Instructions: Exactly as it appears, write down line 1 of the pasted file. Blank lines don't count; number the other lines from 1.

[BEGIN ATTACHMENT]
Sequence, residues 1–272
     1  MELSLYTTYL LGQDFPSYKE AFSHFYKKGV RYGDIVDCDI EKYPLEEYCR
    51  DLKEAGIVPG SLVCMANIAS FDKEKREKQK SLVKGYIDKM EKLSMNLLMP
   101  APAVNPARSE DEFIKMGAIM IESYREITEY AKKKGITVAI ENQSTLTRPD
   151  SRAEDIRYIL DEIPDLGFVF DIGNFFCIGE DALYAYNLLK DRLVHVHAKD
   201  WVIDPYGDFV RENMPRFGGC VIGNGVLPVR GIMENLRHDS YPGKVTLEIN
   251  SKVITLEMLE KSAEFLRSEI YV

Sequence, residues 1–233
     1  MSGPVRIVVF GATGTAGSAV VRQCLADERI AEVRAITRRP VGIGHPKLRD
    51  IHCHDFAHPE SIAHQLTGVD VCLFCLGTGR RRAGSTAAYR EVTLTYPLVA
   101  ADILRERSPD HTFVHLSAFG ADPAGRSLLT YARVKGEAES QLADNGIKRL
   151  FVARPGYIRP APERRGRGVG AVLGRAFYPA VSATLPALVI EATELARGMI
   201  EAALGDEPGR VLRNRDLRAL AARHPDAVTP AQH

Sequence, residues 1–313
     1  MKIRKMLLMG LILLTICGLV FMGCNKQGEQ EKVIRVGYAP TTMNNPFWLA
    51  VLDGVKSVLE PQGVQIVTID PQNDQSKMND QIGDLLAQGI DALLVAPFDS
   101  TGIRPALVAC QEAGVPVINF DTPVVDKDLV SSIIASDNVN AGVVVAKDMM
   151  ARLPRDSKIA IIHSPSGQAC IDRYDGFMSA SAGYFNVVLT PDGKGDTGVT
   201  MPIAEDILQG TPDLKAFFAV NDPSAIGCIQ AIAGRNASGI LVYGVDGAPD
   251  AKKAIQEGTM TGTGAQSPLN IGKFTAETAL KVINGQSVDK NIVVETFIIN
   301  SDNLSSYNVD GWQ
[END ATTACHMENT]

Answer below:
Sequence, residues 1–272